CULTURAL NEWS – (EDITORIAL)
Wednesday, September 5, 2007
THE HERBAL MEDICINE MATTER
THE launch of guidelines for the registration of traditional medicine practitioners by the Ministry of Health is a welcome development.
The World Health Organization says that out of every 10 people, eight seek primary health care from traditional medicine practitioners.
WHO also estimates that Ghana is one of the countries where the first line of treatment for 60 per cent of children with high fever resulting from malaria is the use of herbal medicines.
At the guidelines launch ceremony in Sunyani earlier this week, Deputy Health Minister Dr. Gladys Ashitey reportedly called on relevant agencies to partner the Ministry to make the implementation of the guidelines a success.
She noted that it is time to move from anecdotal reports of success in using traditional medicines to systematic documentation of scientific evidence of the usefulness of herbal medicines in healthcare.
However, some would even say that the registration is long overdue, considering the important role traditional medicine plays in the country’s health care.
We recall that a year ago, an exercise was started to get all traditional medicines registered in the Essential Herbal Medicines List (EHML) throughout the country. A nine member committee of experts was constituted by the Ministry of Health to mount exhibitions in all regions to select traditional medicines that would be registered under EHML.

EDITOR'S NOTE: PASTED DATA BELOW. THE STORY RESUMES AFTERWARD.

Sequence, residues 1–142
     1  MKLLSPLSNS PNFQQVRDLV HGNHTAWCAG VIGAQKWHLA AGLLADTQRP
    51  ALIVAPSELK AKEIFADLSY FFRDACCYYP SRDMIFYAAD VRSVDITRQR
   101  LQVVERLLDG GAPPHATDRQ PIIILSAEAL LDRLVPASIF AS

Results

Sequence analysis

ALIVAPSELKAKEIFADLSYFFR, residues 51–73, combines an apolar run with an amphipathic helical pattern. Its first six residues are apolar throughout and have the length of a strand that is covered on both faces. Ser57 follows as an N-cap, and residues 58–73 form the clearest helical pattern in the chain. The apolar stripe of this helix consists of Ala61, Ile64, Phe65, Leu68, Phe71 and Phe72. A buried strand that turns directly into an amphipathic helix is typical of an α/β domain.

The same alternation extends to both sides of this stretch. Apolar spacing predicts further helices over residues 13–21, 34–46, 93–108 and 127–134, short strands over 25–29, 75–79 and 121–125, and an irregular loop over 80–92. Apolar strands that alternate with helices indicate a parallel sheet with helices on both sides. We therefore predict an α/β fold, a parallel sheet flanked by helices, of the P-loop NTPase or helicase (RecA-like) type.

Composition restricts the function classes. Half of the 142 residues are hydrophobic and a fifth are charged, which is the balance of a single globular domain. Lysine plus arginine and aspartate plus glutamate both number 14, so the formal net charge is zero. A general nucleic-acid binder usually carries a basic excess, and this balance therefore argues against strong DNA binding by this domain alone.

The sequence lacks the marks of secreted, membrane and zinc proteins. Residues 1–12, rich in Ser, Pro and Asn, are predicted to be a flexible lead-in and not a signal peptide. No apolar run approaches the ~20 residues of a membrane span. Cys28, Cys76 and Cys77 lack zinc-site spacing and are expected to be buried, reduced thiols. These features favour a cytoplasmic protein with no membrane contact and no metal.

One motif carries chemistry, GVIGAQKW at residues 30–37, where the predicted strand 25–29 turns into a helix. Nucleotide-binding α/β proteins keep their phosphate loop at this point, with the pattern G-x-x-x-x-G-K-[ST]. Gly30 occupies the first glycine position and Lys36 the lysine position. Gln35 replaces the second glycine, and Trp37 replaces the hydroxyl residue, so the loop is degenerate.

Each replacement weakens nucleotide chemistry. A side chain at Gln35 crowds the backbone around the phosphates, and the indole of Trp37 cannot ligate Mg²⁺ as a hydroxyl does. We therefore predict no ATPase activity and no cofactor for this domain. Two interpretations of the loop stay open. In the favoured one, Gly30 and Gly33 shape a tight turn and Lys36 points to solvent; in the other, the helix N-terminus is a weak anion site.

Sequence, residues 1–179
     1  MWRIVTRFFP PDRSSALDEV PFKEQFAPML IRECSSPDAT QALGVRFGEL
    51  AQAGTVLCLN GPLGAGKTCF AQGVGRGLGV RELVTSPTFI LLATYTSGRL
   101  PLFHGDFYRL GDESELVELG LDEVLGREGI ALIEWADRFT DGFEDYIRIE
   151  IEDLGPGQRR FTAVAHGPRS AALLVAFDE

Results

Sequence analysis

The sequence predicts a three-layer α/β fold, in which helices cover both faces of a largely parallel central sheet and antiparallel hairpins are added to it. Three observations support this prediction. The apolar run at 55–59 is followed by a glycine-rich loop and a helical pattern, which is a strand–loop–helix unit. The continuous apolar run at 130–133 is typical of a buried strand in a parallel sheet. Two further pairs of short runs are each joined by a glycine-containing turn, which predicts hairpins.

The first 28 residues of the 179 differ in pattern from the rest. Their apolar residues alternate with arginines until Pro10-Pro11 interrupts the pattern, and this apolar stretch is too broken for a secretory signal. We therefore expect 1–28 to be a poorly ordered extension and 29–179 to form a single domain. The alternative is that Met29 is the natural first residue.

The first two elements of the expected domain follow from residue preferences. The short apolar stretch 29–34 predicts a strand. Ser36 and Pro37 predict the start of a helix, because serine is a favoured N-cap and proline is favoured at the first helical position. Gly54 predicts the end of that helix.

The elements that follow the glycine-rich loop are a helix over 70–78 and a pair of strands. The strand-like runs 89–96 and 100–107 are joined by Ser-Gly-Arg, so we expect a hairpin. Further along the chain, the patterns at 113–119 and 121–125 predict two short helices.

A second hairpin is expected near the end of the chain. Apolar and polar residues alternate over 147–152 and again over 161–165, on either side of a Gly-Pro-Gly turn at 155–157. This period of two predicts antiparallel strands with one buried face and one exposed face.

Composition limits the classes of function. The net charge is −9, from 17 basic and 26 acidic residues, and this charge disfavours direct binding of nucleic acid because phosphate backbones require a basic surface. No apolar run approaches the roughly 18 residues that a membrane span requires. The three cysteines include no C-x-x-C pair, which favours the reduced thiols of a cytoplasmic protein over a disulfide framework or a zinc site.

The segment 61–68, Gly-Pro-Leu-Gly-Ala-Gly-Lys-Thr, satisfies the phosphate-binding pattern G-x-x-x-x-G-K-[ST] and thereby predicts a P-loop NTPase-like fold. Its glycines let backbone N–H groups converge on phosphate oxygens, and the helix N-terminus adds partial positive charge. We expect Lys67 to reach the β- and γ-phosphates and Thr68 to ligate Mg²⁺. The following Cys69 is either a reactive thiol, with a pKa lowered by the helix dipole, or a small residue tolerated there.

After that exercise, medicines selected were to be registered for use in hospitals and other health facilities, it was reported.
Are the guidelines for registration of the practitioners complementary? And is it the case that more than one good year after the announcement about the EHML, the guidelines for the registration of the people in the forefront of traditional medicine practice are now being known?
We also recall that recently it was reported that graduates of the Kwame Nkrumah University of Science and Technology (KNUST) Traditional Medicine Programme have not yet been absorbed into the public service.
In spite of having qualified at university they are reportedly jobless. What is going on?
It is reported that at the launch in Sunyani the chairman for the occasion made the commendable suggestion that the Ministry should establish an institution to properly train practitioners in herbal health delivery.
However, if those who have graduated from the KNUST Programme are jobless, we wonder what incentives there is for others to opt for such training.
Evidently, from the reported initiatives on herbal medicine, the Ministry is keen to make use of the tremendous knowledge and expertise of traditional medicines that exists in the country. And we appreciate its apparently cautious approach to the integration into mainstream health delivery.
However, as the WHO findings are that a large percentage of the population is already relying on traditional medicine, the Ministry needs to speed up its documentation and integration processes for best results for the country.
The Ghanaian Times - Wednesday, September 5, 2007 Page: 4